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Computer cops strike at the heart of Shylock malware

Computer crime fighters have today announced that they have seized essential infrastructure used by the highly advanced Shylock banking malware, effectively neutralising an attack which has already infected at least 30,000 Windows computers.

Shylock, which gains its name because its code includes random excerpts from “The Merchant of Venice”, has been used by its criminal overlords to raid the online bank accounts of innocent computer users, after downloading malware onto compromised computers and injecting itself into web sessions.

Quite why the malware author who created Shylock decided to incorporate excerpts of one of Shakespeare’s most famous plays is unclear, but it’s possible that it was a sick joke playing on the character demanding a “pound of flesh” after a bankrupt Antonio defaults on a loan.

The Shylock malware is extremely sophisticated and has proven to have – until now – a resilient infrastructure that was hard for the authorities to disrupt.

Typically spread via malicious links in spammed out messages, the Shylock malware would lurk in the background on infected computers – waiting for the user to visit a banking website.

Once Shylock detected a computer user was attempting to access an online bank account, the malware would display a fake screen designed to steal login credentials and send them to criminals.

As well as logging keystrokes, Shylock could record what was happening on the users’ screen and steal detailed information about what software was installed on the victim’s computer.

As Bitdefender has previously reported, the malware has continued to evolve – notably, for instance, it was updated in early 2013 to spread using Skype’s chat function, sending messages and transferring files via the VOIP service without the knowledge of users.

For over two years, the Shylock cybercrime gang have been able to steal sensitive banking information from unsuspecting users, costing the banking industry millions of pounds.

There is no disputing that Shylock (which Bitdefender products detect as Gen:Variant.Kazy.14303, but is also known as Caphaw) has been a thorn in the side of the UK’s National Crime Agency, because the malware appears to particularly target computer users in the country.

Some studies have suggested that 61% of websites compromised by the malware were UK-based, and that three quarters of the banks being targeted were British.

Recently, however, the Shylock gang has widened its scope – stealing information from users in other countries, including Germany, Denmark, Turkey and Italy, and inflicting financial damage on both individuals and small businesses.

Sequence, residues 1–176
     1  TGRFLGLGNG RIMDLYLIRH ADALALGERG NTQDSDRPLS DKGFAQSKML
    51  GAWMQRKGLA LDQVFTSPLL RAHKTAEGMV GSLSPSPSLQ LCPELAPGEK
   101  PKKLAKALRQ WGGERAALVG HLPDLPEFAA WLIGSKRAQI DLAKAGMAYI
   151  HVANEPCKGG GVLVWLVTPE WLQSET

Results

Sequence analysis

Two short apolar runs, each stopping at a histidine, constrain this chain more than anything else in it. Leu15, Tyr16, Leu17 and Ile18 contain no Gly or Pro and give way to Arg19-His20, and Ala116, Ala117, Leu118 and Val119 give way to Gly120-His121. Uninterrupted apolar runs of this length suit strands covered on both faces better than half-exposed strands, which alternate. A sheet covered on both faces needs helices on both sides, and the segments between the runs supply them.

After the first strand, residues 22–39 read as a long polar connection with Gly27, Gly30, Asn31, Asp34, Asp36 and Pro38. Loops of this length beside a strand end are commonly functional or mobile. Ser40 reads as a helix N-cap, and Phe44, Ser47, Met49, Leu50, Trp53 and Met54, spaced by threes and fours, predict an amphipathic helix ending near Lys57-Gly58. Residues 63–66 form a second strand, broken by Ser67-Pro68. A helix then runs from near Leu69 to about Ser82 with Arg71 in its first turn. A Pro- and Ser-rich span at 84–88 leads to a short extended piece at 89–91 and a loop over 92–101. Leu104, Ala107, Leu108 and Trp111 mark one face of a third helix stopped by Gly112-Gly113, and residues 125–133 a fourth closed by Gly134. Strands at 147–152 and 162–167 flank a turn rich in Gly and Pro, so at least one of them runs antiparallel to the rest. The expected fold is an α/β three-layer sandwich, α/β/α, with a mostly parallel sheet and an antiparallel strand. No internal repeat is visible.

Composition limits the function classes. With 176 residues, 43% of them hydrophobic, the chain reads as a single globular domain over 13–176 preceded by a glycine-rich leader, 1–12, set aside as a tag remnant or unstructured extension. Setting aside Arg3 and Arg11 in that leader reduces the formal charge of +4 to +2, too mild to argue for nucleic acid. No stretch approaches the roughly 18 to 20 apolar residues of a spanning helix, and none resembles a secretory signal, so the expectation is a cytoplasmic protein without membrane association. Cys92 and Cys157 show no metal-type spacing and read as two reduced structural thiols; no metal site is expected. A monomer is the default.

It is no surprise, therefore, to see the NCA join forces with the FBI, Europol, the German Federal Police (BKA), and members of the security industry to gather intelligence about the malware and its infrastructure.

Fascinatingly, Britain’s GCHQ intelligence-gathering agency is also said to have been involved in the investigation, although in what capacity has not been made clear.

Sadly, no arrests have been announced to date in connection with Shylock – but Europol has said that there may be additional action taken by law enforcement agencies after previously unknown parts of the malware’s infrastructure were uncovered.

The most important thing, of course, is not to allow your computer to become infected in the first place.

In its warning, the NCA urged users to be suspicious of clicking on unsolicited links and to treat their computer security as being of paramount importance – keeping vulnerability patches and anti-virus software updated.

Ensuring that your computer is automatically applying security updates is probably a sensible step for the typical home user, and will help to protect against both this and other malware threats.

About The Author

Security analyst

Graham Cluley is an award-winning security blogger, researcher and public speaker. He has been working in the computer security industry since the early 1990s, having been employed by companies such as Sophos, McAfee and Dr Solomon's. He has given talks about computer security for some of the world's largest companies, worked with law enforcement agencies on investigations into hacking groups, and regularly appears on TV and radio explaining computer security threats. Graham Cluley was inducted into the InfoSecurity Europe Hall of Fame in 2011, and was given an honorary mention in the "10 Greatest Britons in IT History" for his contribution as a leading authority in internet security.

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